Marketing & Advertising

Your family brand: your biggest asset

Any family business owner can appreciate the marketing and purchasing mindset that buying local is better.

Every family business started as a local company. But staying local is not typically how a business grows.

From the local corner store to publicly listed behemoths like Wal-Mart and Ford, the American family business is the oldest business model we have. This economic powerhouse encompasses at least half of all U.S. companies, employs more than half of U.S. workers and accounts for more than 60% of U.S. gross domestic product.

It's easy to tick off the challenges facing family businesses of every size—nepotism issues that result in a loss of objectivity; delegation struggles; family members ill-suited as employees or leaders; discord over spending, family roles or succession; myopic focus on growth strategies; muddied boundaries between work and personal lives. If you've helped run a family business, you may well know the drill.

A family business brand—its identity—is its most valuable asset. Just like the heart of any family, the brand is what the company stands for—its core values and benchmark for excellence. Strong family business leaders value this and feel a keen sense of stewardship for their company's brand and its legacy.

As a second-generation family business marketer, I have found my challenge is to preserve our nearly half-century-old family brand, our mission and traditions, while continuing to effectively adapt to progressive approaches that profitably move us out and up in emerging markets.

Starting points? Our experience has been to maintain a foundation of trust and respect, focus on a market-driven understanding of our customers' application needs, and build a thorough knowledge base of industry-specific demands and requirements. We have found that a good number of our existing customers are second- and third-generation businesses, like us, who want to identify with the similar family values of their suppliers. How do we leverage our rich and respected history with our current customer base, as well as prospects, to grow existing business and expand into new markets? Family values translate well here.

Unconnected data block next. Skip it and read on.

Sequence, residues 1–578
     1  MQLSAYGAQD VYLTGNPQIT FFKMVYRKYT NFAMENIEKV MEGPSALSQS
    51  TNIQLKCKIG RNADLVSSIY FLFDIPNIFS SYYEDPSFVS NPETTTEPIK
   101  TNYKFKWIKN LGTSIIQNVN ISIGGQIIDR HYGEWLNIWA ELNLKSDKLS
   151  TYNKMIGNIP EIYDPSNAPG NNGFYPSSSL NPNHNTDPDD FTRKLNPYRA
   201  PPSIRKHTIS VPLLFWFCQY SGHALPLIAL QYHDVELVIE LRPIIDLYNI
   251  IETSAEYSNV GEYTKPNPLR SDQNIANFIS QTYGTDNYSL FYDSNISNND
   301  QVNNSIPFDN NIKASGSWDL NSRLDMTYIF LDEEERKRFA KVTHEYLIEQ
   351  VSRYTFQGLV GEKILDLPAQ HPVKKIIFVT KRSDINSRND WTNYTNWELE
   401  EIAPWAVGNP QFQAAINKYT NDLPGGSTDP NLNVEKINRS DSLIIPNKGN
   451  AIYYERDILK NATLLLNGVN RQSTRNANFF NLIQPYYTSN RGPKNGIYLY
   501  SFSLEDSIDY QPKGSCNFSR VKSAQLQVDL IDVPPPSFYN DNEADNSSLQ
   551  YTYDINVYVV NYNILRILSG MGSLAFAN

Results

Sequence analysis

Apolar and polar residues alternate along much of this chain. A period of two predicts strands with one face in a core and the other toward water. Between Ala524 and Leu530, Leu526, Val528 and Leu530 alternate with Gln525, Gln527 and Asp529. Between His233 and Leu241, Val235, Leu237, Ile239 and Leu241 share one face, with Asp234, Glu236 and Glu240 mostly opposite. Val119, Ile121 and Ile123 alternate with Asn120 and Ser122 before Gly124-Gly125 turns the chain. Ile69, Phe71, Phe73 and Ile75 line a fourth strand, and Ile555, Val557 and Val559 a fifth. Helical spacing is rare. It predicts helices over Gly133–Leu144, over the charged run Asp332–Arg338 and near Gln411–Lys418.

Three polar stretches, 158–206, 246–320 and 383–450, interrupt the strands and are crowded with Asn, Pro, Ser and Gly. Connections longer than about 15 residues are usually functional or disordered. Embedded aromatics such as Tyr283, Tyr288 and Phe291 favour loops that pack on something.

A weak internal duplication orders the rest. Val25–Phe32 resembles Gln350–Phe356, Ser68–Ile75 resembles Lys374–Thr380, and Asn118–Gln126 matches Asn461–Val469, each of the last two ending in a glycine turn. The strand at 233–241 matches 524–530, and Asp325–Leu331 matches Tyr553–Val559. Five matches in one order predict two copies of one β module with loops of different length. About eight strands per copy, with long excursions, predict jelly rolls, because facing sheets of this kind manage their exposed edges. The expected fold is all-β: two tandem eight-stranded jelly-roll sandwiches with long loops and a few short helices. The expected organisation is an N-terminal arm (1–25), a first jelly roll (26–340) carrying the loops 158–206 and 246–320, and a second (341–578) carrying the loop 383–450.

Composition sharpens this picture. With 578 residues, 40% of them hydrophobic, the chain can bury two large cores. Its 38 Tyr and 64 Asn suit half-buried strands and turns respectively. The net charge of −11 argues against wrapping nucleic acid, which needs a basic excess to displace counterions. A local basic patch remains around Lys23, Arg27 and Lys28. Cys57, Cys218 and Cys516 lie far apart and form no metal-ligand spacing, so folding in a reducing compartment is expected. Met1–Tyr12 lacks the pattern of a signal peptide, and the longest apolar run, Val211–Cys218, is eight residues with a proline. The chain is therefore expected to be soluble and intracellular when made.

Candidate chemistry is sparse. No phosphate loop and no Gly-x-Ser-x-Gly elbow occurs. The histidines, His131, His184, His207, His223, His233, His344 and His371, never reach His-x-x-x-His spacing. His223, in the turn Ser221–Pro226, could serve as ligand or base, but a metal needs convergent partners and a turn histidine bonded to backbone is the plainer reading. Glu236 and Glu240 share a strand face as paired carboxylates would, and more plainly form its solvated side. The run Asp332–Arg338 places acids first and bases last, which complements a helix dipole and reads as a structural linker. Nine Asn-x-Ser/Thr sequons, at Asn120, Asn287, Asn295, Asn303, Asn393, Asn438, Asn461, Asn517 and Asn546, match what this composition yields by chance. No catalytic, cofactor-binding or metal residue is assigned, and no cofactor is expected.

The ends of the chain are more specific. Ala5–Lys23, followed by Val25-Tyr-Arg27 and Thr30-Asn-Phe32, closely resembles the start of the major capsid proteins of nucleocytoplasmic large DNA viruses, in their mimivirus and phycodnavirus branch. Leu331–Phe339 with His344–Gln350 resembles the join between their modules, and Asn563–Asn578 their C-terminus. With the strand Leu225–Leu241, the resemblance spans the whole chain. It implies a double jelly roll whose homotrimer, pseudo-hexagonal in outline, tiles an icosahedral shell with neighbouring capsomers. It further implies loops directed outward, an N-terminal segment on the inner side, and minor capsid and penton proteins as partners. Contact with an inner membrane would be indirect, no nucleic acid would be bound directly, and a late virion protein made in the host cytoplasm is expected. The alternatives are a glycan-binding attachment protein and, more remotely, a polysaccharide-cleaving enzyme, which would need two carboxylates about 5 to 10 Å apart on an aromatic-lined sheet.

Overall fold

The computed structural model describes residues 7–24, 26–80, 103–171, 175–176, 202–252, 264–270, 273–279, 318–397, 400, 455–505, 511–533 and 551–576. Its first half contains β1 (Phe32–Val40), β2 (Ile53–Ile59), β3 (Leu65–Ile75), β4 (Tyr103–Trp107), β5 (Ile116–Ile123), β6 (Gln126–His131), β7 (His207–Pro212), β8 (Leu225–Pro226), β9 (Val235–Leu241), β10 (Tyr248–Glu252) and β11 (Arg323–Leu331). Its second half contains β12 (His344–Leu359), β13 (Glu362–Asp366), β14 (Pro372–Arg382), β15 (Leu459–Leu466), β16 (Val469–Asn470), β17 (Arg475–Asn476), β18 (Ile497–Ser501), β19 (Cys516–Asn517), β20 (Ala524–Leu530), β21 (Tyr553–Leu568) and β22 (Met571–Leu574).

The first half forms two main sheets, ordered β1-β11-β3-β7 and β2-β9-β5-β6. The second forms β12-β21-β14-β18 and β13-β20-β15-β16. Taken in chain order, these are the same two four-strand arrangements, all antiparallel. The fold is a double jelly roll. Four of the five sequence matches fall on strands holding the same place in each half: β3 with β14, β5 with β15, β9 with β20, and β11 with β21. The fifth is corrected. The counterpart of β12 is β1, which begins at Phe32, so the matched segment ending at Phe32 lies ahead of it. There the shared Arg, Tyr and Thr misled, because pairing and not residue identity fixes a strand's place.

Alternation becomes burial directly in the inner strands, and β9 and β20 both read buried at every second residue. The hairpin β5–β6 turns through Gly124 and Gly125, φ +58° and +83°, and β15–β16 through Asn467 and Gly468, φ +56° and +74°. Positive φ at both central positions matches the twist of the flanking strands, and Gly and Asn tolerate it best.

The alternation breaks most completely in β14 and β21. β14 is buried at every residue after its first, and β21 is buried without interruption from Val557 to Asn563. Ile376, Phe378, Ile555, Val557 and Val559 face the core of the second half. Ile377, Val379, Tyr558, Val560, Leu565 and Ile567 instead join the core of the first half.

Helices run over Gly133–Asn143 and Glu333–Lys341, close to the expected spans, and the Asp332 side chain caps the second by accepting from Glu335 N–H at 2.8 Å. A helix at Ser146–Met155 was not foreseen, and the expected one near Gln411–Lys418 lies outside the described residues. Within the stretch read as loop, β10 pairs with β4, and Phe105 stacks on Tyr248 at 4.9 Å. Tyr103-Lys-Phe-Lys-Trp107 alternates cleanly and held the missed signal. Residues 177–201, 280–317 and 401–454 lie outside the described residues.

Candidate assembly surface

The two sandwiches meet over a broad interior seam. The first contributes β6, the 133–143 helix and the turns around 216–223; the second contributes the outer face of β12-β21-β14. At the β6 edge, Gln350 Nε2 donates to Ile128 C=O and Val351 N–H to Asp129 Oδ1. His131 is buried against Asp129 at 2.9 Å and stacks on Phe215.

1. Operate the way a family is wired to operate—as a team.

• Foster team pride in the company's business and in all stakeholders' contributions to the community.

• Focus on improving relationships and enhancing teamwork with all of your business partners—customers, suppliers and employees.

• Create a constant teaching, learning and mentoring culture among all members of your team.

• Honor company history but embrace change. Leverage the strength of all team members, regardless of seniority, so the team is stronger than the individual parts.

• Encourage family members to work outside the family business first and bring back a fresher perspective on productivity and profitability to the entire team.

2. Connect and respect: Treat your family like friends and your friends like family.

• Nurture a culture of mutual respect among all your employees and customers.

• Continue to deliver the heart and soul of the customer experience that the original brand creators envisioned.

• Consider all employees an extension of the family; build on points of connection.

• Develop a strong team of tenured and engaged employees, vested in the company mission.

3. Expand the family dinner table conversation, online and offline.

• Nurture the core family values that birthed the company in the first place—and tell the family business story.

• Be unwaveringly committed to the core message that got the company where it is today, and the vision for its future.

• Engage your customers online in all media available. Speak with an authentic voice and tell the story.

• Invite outsiders to the table to get fresh perspective.

And, finally, never underestimate your family business leaders and employees and their ability to surprise you with their capacity to learn, adapt, shine and grow. Build your family of brand ambassadors from the inside out. 

Risa Edelstein is the director of marketing at ECHOtape, a family-owned and -operated business specializing in pressure sensitive tape, founded in 1973 (

Copyright 2015 by Family Business Magazine. This article may not be posted online or reproduced in any form, including photocopy, without permission from the publisher. For reprint information, contact

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Winter 2012 Toolbox

A helpful guide to forming a board is revised, with new survey data

Building a Successful Family Business Board: A Guide for Leaders, Directors, and Families
By Jennifer M. Pendergast, John L. Ward and Stephanie Brun de Pontet
Palgrave Macmillan, 2011
261 pp., $40





In 1991, family business researcher and consultant John Ward published Creating Effective Boards for Private Enterprises (Jossey-Bass) in an effort to convince owners of small and midsized companies that a board of directors with outside members could benefit their businesses. Building a Successful Family Business Board: A Guide for Leaders, Directors, and Families, written by Ward along with two of his colleagues at the Family Business Consulting Group, Jennifer Pendergast and Stephanie Brun de Pontet, is an updated and revised version of the earlier work, now with a focus on family companies and featuring results of a survey on board practices conducted by the group.